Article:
Time of the Gospel Chapter 6

By Taran

Carrying Jinn over his shoulder, Eliab down-climbed a north section of the mountain that was not as steep as the others. After leaving most of her equipment at the summit’s tundra field, the burden was light and he, being in top physical condition, made it an easy descent. As the height between his steps decreased, he began to think of where he was to go. Nisan’s Cathedral was the closest Ethos sanctuary, but it was a long walk to the Road to Nisan, and perhaps he could find a ride in Dazil.

Pausing over a short cliff, but one that was predominantly higher than any other hill that lowered him to a flat desert, he gazed off to the horizon. Facing west his eyes squinted shut when bombarded by the sun’s rays that cast his shadow high up over the mountain he came from. Nisan right, a channel between it and Ignas barely under the horizon. Dazil left, it too further than he could see. A thought: while at Dazil, why not cut through to Legend’s Valley? The monks there certainly needed more protection, and that gave him two options. He turned to march down Aveh’s border.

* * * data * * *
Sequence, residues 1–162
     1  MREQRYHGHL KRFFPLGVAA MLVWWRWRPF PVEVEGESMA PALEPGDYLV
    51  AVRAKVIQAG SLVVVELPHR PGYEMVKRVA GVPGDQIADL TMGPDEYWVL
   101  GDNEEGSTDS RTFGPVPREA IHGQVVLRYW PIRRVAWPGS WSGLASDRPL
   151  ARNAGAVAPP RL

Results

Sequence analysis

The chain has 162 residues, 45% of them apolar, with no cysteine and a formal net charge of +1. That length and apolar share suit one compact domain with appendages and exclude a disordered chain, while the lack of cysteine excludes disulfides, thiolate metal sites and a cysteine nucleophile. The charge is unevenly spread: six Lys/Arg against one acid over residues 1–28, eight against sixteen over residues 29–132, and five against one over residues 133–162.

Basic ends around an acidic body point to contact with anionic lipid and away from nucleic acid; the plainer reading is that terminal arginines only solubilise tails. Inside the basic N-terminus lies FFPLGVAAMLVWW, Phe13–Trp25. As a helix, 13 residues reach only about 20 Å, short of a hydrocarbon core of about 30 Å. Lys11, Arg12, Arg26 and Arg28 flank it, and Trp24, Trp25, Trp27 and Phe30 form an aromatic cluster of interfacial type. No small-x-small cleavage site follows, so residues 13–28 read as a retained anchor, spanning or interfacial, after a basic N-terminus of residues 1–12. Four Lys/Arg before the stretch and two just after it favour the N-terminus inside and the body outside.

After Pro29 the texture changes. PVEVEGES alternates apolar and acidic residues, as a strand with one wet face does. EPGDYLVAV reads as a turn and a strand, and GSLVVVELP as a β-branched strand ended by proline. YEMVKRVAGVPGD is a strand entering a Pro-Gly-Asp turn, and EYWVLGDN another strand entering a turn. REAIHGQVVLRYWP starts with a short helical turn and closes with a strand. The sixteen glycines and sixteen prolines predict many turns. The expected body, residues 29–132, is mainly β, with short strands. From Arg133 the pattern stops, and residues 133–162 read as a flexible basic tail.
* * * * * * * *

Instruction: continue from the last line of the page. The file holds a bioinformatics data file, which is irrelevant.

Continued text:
“Who’s that?”

“A Pointiff, duh.”

“He aint Taran.”

“Really Lance, thank you for letting us know.” Her sarcastic comment was brushed aside as they pondered the Ethos knight approaching. The Pointiff was coming towards Sandstone Gate: two jagged, chaotic towers of rock pushing through loose sand. It was an easy landmark for travelers and passing between the pillars would straighten a course to Dazil. Or, if extremely lost, climbing them would bring the city just within eyesight. It was atop these two monoliths that the Guard elite watched the oncoming knight.

“Who’s that slumped over his shoulders?”

“I don’t know, but one of them is showing up on my tracker.”

Looking through a pair of binoculars, zooming in on the pair, adjusting lighting, raising his view up an inch, magnified by distance, and focusing, Xolis shouted his findings. “Hey! That’s her!”


“The one who took the Soul Stone!”

“Alright then, let’s get her.”

“What for? Ethos already did.”

“Maybe so… but it’s still our mission, and maybe she can tell us where Taran and Solus are.” She rested a rifle bought earlier that day between two natural battlements and stared through a long scope at Eliab’s gold breastplate. “What?” Xolis and Lance stared at her with shock as she leaned into her weapon. “Don’t tell me you’re chicken to go up against a Pointiff!”